"That's not built into the rate?" I naively asked. "Your commission is."

"No. We always urge renters to use our site and not have to pay their fee."

"Where on your website do you urge us to do that?" I asked.

"We don't. We are afraid there may be legal ramifications."

"Legal ramifications for telling folks that the other guys charge more than you do?" I asked her incredulously. "Oh, and what about the additional $25 plus the 11% tax on it to clean up the joint after we vacate?"

"Oh, the owner must have raised the price and forgot to tell us."

"Shouldn't you make that change on your website?"

"I'll put in a work order but it may take several weeks."

Rapid technological change, indeed! But she did immediately volunteer to remove that charge from our total.  I also told her the credit card charge they had already done did not include the VRBO fee.

"They will run the card a second time for that," she assured me.  Indeed they did.  That bit of email news arrived by the time I had finished my chat with the nice lady.  And she remained nice, even when I fussed about how their website was funky and that was what sent me galloping over to VRBO in the first place.

I admit I was the typical gullible shopper.  I assumed too much.  I assumed VRBO was cheaper (or at least the same cost) as the local real estate guys.  Then I assumed the real estate people would charge me that extra fee if I worked through them instead of VRBO.  And that if I didn't nail down that one week we needed, it would be gone in an hour or two.

No, I should have told broken-English-lady at VRBO goodbye when she insisted I read all those pages of fine print and pay the unexpected fee.  And when she didn't immediately agree to honor the cleaning fee as it appeared on their website. Then I should have verified the price with the locals.

But it was so easy.  So convenient.  The pictures on the VRBO site were so beautiful.  Even when I hit a snag trying to rent online, there was the English-language-challenged lady perfectly willing to type stuff into the form for me.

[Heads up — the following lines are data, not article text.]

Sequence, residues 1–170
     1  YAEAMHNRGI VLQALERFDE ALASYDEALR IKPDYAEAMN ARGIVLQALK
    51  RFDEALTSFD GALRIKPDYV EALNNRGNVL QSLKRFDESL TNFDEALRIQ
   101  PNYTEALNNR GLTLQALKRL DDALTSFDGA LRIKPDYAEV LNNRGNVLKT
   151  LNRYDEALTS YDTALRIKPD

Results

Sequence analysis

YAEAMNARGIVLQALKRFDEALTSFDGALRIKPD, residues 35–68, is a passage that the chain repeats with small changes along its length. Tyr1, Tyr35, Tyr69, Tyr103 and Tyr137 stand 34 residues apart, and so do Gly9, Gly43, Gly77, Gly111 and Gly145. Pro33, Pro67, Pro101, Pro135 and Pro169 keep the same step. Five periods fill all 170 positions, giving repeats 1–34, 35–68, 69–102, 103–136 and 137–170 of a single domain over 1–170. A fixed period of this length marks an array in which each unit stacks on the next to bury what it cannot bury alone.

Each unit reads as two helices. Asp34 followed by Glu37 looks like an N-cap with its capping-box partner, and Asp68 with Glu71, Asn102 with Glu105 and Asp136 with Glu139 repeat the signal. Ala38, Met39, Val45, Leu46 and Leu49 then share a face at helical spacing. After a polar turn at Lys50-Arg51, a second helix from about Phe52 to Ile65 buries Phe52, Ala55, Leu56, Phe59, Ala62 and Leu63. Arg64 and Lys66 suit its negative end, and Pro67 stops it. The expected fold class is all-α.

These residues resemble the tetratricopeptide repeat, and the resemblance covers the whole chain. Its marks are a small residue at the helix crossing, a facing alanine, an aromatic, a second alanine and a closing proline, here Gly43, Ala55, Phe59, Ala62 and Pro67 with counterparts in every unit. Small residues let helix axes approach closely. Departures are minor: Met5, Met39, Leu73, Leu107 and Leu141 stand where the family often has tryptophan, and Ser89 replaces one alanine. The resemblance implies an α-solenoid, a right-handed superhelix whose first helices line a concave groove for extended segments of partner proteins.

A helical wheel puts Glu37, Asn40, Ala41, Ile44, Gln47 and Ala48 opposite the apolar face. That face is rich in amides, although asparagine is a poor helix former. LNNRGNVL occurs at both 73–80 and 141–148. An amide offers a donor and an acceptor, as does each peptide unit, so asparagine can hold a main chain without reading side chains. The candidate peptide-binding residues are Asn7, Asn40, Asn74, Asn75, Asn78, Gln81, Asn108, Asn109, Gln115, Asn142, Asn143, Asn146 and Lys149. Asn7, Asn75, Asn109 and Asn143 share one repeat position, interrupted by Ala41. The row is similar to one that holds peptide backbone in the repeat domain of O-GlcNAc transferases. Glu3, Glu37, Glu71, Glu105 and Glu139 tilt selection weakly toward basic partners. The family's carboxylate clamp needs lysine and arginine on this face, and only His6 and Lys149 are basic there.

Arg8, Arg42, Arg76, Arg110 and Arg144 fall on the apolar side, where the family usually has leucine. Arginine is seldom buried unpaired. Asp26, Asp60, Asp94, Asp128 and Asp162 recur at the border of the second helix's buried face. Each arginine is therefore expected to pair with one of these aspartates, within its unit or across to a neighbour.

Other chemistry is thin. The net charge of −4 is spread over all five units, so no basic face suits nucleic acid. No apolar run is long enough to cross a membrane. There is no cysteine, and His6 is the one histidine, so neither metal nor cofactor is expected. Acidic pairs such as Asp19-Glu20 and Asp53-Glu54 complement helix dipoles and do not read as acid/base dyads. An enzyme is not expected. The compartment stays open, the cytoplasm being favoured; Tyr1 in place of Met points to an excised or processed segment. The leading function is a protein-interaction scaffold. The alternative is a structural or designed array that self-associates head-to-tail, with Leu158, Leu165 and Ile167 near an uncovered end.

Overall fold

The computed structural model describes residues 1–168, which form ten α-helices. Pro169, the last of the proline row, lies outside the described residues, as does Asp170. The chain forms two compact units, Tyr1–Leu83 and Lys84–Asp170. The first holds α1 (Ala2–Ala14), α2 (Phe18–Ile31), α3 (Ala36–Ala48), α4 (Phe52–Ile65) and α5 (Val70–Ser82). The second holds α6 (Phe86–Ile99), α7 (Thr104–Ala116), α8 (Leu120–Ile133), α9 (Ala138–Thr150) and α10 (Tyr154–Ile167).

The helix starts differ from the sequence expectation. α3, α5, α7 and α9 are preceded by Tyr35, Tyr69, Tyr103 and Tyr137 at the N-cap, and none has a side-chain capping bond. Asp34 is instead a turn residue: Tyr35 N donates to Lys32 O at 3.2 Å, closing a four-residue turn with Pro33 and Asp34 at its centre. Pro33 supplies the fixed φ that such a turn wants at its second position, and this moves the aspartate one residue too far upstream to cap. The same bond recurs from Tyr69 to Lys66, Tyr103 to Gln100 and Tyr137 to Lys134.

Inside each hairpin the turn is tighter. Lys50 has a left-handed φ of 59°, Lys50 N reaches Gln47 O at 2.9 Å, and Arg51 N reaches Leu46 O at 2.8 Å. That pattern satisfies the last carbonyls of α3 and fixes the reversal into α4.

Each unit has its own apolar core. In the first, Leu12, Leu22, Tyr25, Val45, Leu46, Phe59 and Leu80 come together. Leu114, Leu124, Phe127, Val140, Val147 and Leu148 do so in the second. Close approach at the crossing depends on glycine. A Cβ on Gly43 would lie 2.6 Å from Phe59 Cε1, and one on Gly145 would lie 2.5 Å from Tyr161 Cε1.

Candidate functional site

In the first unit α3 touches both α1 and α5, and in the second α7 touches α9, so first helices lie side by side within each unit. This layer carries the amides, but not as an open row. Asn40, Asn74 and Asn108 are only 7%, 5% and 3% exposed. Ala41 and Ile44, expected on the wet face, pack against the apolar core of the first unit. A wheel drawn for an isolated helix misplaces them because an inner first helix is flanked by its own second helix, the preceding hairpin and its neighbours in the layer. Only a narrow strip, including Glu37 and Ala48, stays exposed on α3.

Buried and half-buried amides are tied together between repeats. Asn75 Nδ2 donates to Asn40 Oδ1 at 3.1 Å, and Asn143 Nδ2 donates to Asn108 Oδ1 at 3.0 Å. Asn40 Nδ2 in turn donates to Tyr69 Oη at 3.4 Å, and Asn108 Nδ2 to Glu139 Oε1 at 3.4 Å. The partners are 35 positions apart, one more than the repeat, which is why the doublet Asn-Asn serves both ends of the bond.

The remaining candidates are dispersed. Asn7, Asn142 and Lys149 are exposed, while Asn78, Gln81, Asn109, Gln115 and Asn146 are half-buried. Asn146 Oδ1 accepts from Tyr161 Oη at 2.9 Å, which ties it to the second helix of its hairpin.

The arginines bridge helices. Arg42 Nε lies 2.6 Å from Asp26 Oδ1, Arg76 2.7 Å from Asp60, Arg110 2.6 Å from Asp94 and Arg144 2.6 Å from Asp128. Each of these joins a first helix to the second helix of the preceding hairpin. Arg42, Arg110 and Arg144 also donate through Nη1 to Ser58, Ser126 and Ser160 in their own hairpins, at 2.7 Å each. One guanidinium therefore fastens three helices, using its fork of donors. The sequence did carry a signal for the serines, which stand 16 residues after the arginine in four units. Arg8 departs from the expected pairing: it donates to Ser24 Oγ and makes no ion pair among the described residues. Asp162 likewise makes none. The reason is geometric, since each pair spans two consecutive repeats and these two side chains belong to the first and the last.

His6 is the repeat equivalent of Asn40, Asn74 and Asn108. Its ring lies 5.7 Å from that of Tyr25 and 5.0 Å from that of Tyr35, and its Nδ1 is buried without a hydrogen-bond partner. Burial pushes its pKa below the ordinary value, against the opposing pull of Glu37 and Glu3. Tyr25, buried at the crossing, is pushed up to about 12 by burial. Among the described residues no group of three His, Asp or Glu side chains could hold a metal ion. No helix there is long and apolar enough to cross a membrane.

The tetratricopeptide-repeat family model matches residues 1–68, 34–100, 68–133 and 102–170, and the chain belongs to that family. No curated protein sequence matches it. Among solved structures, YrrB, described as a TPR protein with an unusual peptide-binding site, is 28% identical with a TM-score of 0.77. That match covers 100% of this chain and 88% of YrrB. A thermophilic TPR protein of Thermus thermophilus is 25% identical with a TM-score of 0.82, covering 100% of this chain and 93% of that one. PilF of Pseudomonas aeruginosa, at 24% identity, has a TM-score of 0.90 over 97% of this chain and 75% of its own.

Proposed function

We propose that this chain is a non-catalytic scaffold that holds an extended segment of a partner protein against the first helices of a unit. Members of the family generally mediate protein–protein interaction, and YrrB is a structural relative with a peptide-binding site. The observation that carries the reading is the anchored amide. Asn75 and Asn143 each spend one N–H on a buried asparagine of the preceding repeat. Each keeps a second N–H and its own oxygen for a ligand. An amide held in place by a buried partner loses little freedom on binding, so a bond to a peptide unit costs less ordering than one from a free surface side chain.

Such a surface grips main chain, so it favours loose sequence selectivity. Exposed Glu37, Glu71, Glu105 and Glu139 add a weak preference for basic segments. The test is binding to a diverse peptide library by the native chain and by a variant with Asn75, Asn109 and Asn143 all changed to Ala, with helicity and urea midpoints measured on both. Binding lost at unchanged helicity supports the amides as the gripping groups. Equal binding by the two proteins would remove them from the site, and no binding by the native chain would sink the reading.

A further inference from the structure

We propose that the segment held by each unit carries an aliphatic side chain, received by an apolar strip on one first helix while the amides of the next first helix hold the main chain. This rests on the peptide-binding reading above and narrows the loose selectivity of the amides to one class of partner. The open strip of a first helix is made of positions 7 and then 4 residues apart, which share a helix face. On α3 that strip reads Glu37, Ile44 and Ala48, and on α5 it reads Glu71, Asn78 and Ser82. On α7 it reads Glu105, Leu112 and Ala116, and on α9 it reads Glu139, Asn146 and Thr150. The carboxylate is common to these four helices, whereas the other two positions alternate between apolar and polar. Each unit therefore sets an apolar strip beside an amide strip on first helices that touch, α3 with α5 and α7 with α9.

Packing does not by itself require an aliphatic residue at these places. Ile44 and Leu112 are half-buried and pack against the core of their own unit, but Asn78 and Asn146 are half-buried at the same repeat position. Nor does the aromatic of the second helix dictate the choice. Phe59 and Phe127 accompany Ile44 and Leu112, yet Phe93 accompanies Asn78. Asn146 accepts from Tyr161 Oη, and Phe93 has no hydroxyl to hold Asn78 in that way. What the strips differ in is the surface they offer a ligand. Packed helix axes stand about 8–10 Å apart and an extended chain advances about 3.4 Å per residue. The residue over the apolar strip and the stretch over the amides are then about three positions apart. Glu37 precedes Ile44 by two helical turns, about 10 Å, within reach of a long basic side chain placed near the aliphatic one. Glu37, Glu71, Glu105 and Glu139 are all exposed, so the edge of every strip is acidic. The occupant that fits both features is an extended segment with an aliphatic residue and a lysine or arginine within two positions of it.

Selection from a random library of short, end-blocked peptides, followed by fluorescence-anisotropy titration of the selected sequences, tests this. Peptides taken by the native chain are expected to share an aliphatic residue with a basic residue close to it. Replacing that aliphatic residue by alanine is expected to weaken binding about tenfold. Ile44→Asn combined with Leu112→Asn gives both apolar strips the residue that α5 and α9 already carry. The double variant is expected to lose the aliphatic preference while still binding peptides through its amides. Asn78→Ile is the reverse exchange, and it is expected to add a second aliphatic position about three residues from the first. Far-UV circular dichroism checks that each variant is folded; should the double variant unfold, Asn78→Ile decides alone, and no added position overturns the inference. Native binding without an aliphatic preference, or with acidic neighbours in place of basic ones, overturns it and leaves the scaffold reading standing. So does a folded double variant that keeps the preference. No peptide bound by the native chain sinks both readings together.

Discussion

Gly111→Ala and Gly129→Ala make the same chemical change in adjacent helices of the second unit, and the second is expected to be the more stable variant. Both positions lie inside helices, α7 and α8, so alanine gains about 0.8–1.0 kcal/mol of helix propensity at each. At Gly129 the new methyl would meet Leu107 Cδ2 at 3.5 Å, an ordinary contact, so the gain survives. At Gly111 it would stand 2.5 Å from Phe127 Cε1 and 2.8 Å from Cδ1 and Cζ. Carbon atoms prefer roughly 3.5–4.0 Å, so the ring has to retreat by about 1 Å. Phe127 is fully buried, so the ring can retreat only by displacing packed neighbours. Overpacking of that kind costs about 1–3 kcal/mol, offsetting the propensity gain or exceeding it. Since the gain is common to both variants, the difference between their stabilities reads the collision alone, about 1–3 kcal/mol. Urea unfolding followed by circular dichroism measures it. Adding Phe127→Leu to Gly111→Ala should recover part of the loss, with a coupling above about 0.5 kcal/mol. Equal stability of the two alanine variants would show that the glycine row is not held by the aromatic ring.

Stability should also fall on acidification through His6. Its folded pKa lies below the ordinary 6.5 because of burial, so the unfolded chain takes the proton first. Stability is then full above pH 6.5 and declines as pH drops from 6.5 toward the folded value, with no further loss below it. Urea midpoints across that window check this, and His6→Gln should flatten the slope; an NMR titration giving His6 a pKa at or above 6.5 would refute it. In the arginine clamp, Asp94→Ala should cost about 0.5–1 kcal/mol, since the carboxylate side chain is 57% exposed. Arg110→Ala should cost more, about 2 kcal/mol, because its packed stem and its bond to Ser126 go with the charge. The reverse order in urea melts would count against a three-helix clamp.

And for all that technology, I ended up paying $180.


DonB said...

I thoroughly enjoyed your exercise with VRBO. I am waiting as we speak for my daughter and grand-daughters to admit they have been "had" by the sweet old lady that helped them out trying to rent a large rental for nearly the whole family to visit with Granny/Grampy next month. I have heard comments that nearly matched yours recounting their experience - so far! Since they are apparently not done yet with this sweet ole thing I giggle with anticipation, sort of having the inside track if you will, waiting for more of their story. If my old, forgetful mind can remain active long enough, I will finish this entry when the final tale is told. Thanks for your story. A freebander.

Don Keith N4KC said...

Thanks, DonB. We need, of course, to be aware of how technological change has led to new and sneaky ways to get our money, legal or otherwise. These guys are completely legal. They just don't tell you until it is too late how much they are charging for their service.

I will NOT use VRBO again unless I absolutely have to. And I certainly will make sure there is not an alternate place from which to rent the same property. That was my mistake this time. I assumed too much.

Don Keith

DonB said...

DonB (Final Tale)

Thanks Don K (N4KC). I had to finish this tale since it was a pleasant surprise for me. Here I was, expecting a phone call (or text now-a-days) complaining of how they got rear ended by the sweet ole lady. My granddaughter arranged through VRBO to rent a condo on Inland Water Way side of Pensacola Beach, FL for the first ever family reunion. Through VRBO they arranged a four day stay for 9 people in a condo that would accommodate family from TN, SC, NC, TX and CA. Since it was preseason (Apr-May) the cost was reasonable. Before the lead granddaughter arrived she asked this "sweet ole lady" if she could extend the rental one day more. Not only did this SOL agree, but did so without charge for the additional day. Everyone had a super time, did not have to pay the usual fees and were encouraged to come again, especially in the preseason. So I sit here with pessimistic egg on my face, encouraged that maybe we got a break because it was preseason and had the entire block to ourselves. I have to give the SOL kudos, and remind myself not to be so sour.
But I do still have to thank your original blog, 'cause I still expect that during a regular season availability and prices, it would have been different. 73s DonB (402 - Freebander)

Don Keith N4KC said...

DonB, I'm glad it worked out for you. I have always assumed VRBO was a good idea and a real help to not only renters but property owners, putting both parties together for the benefit of everyone. I certainly don't begrudge VRBO making money on the service. But I am still miffed that the way my particular transaction was handled was improper and misleading. If my SOL had only told me that the $180 was going to be my responsibility, I would have had the choice of continuing or at least going directly with the real estate company and checking their cost.